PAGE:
We’re into the dog days of summer early this year, so you may need a few suggestions for how to keep your lawn green in hot, dry weather. Many people’s lawns are beginning to show signs of stress. It’s frustrating to put in a new lawn and get it to successfully germinate, only to have it burn to a crisp. Follow our tips to keep your lawn healthy during drought season:
Water your lawn in the morning when it is cool to allow more water to soak into the ground rather than evaporate. A significant amount of water is lost by people watering in the hot afternoon. Avoid watering in the evening to prevent fungus and disease. Make sure you have functional and easy to use watering equipment to make the process fool-proof.
Newly sprouted grass can be protected with a thin layer of mulching straw. One or two bales will cover 1,000 square feet. The straw can be removed about three weeks after germination.
A layer of grass clippings kept on the lawn retains soil moisture and fertilizes the grass. Make sure not to leave too much though or you will have problems with excessive thatch. Mulching lawns with clippings works best if the grass has been mowed regularly and not allowed to grow too long. Clippings that are wet or long tend to become soggy clumps that eventually smother the grass beneath them and can cause disease.
A lawn is comprised of millions of individual grass plants. Grass, just like other plants, has a crown from which new growth emerges. If you keep the lawn longer in the summer, the blades shade the crown and protect it from burning.
Keep in mind that there are cool-season and warm-season grasses. Cool-season grasses thrive in northern areas, including Canada, and in higher elevations further south. Their main growth is in spring and fall when the soil temperatures are 50 to 65 F, and the air temperature is 60 to 75 F. Come high summer, they usually go dormant unless they are watered regularly. Kentucky bluegrass, bentgrass, ryegrass and fescues are examples of cool-season grasses.
Warm-season grasses grow best in southern regions and rev up their growth along with the increasing heat of summer. Warm-season grasses, such as Bermuda, St. Augustine, and zoysia, grow strongly when soil temperatures are between 70 and 90 F and the air reaches a balmy 80 to 95 F. They go dormant when the weather gets cooler.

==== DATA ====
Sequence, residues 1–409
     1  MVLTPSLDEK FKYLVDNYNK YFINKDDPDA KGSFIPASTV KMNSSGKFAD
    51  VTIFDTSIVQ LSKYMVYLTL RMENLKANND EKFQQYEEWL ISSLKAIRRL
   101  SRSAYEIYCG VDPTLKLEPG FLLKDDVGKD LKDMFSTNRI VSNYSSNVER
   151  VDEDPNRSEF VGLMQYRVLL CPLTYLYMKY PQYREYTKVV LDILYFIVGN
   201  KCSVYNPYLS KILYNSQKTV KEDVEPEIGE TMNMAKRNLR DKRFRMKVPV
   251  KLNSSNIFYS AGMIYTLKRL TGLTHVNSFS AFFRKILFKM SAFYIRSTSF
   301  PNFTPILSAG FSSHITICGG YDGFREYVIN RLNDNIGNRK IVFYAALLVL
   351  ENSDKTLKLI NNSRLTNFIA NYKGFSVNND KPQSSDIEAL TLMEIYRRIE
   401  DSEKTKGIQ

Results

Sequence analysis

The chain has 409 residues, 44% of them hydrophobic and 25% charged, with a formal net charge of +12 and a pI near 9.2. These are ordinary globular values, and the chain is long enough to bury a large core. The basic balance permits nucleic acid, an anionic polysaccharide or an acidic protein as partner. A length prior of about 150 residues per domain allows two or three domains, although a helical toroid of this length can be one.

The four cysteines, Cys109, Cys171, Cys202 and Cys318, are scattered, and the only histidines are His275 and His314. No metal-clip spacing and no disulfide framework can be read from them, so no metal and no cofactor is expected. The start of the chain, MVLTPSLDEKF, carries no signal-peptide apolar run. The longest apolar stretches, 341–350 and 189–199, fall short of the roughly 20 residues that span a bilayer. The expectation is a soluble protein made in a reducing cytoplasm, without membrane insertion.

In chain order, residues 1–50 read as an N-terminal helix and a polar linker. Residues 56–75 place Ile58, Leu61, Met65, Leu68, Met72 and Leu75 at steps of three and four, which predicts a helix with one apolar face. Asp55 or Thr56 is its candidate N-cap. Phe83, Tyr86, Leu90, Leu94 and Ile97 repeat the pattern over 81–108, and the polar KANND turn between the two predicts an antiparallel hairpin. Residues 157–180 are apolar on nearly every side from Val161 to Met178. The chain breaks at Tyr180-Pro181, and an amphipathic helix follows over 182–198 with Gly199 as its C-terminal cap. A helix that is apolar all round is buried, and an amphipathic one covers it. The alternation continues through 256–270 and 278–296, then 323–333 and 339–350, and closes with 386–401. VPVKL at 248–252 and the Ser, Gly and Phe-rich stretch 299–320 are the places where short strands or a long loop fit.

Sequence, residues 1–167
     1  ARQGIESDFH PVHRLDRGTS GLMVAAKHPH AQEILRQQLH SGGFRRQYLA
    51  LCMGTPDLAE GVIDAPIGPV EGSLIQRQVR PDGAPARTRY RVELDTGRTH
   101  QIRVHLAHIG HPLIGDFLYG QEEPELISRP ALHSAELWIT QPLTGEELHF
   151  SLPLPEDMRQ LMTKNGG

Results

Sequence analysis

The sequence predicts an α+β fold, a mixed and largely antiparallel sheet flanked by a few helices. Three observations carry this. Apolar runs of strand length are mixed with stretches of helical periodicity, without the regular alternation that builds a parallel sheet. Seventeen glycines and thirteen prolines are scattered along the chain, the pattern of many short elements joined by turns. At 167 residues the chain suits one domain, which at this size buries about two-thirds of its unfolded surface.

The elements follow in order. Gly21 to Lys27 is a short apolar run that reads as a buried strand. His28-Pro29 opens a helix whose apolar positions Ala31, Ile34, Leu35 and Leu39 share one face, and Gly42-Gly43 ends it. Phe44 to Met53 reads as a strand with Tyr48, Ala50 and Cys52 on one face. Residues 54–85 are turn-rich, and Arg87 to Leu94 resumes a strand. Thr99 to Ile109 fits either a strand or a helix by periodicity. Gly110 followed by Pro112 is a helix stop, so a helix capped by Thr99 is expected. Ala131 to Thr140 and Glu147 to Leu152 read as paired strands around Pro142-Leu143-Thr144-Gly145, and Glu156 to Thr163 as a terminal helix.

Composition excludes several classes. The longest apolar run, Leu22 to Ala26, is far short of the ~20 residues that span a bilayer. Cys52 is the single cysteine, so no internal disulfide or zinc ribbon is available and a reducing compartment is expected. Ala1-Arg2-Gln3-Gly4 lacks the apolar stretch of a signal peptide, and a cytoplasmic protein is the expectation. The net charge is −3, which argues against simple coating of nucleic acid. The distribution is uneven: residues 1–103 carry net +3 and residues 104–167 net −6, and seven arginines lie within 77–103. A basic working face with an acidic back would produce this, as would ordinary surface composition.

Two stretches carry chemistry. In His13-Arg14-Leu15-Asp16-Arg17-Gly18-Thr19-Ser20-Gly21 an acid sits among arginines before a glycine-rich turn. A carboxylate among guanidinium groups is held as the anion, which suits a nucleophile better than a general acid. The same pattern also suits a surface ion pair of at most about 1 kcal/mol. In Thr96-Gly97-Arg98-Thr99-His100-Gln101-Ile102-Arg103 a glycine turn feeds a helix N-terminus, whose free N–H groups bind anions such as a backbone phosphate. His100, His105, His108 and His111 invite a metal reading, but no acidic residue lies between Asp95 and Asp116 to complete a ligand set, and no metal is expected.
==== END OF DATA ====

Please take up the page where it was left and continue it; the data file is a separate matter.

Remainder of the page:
Your choice depends on the region in which you live and when you want your grass to look its best. If you don’t care if your lawn takes longer to get started in the spring, but will stay green through the summer, go for a warm-season grass. However, grass hardiness varies with the type. So consider all of these factors when choosing grass seed.
It’s uncommon but not unprecedented: An early spring leads to plants and trees starting to bud.
“We’re about a month early,” said Joe Sulak, urban forester for the city of Columbus.
But danger still lurks for plant life, which is responding to a mild winter and a long streak of above-average temperatures. Freezing temperatures, snow and frost can damage flowers, leaves and fruit that have started to “flush,” or bloom, Sulak said.
Some early-blooming flowers — like daffodils and tulips — and trees — certain types of cherry, crab apple and magnolias — might be more susceptible to a late surge in cold weather, he said.
However, the plants will sustain no long-term damage, Sulak said.
Gardening enthusiasts are not helpless in the matter. Similar to protecting them from fall frost, gardeners can cover flowering plants at night and uncover them during the day, Sulak said.
People should follow the same planting guidelines for annuals and perennials as they would during a typical winter. Tree plantings should not be a problem because ground temperature is important and the ground is not frozen this year, he said.
The steady warm temperatures pose another potential annoyance for humans: an increase in the number of flies and mosquitoes, Sulak said.
The Climate Prediction Center, part of the National Oceanic and Atmospheric Administration, forecasts above normal temperatures for March, April and May.
Dave Gaumer, the owner of Garden Bouquet, a landscaping service in German Village, said it’s not quite time for people to panic about their plants.
“A lot of these perennials are really hearty in cold weather,” he said, referring to some that are coming up early, such as witch hazel, snowdrops and Lenten roses.
However, Gaumer said, he is watching the thermometer. If the temperature dips below 28 degrees, the frosty weather could cause problems for plants that are more susceptible to the cold.
He does see an upside to the warm weather.
“It’s going to be a beautiful spring,” Gaumer said.